Sometimes the power of images transcends any kind of words to describe ourselves, our habits, our cultures, our thoughts, our planet. Baraka is a sublime piece of a documentary that shows our world and nature, how we deal with our lives. No critical perspectives here. Just things like they are. Ron Fricke leaves that for our own judgment.
Baraka explores Earth's cultures and indicts consumerism and its devastating effects on the environment, poverty in Third World countries, and tribal communities, as well as the aftermath of genocide and war. Eye-opening experience with unforgettable images. Samsara is superior (it moved me even more) but both are must-see masterpieces.
This is what Powaqqatsi/Naqoyqatsi should have been. It takes the methods of Koyaanisqatsi even further. It's absolutely gorgeous, serene and structurally inspiring. I'm a skeptical, but this was the closest to spirituality I've been, so I'd say Baraka is a very apt title. Despite the religious undertone, everyone should watch this.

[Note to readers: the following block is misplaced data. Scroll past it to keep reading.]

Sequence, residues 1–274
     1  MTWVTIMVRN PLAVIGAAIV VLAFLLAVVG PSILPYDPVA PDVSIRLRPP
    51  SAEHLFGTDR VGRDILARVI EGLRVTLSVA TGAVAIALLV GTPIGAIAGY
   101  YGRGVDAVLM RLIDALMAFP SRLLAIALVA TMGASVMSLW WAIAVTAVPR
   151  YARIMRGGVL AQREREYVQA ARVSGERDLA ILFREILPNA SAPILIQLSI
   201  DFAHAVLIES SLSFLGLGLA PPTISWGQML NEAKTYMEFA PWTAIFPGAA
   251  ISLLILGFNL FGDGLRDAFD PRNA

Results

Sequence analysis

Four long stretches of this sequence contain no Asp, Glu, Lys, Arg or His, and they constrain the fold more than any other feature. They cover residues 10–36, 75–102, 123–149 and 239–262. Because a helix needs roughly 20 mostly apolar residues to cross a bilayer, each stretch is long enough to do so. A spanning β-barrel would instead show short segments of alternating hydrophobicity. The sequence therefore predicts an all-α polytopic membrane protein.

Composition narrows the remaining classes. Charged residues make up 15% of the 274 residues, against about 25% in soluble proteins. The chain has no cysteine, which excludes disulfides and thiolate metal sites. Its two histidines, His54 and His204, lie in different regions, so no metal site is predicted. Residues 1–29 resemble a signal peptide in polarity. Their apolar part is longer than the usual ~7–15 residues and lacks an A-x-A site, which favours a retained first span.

'Baraka' didn't quite captivate my soul in the way that 'Samsara' did, which is surprising because most seem to favor 'Baraka'. Maybe it's because I watched 'Samsara' first? Either way, it's still a gorgeous, breathtaking, awe-inspiring, etc., etc., etc., experience.
Baraka is a treat to a curious eye. It shows the world by its iconicity and reveals at the very same time a local and a global point of view. Some of these images are so beautiful you just gasp and get ran over by them: something to watch with friends by - so you can share that feeling of true wonder: a genuine experience.
It's undeniably beautiful, but Baraka wants to shine under the false pretense that you can reach the soul of mankind solely by piecing together stunning images of transcendent moments/rituals. Yes we're connected, yes there's much wonder in the world, and then? It parades as a glass full of humanity when really it's only half full. You want humanity? There's plenty of Rossellini doing it better than this.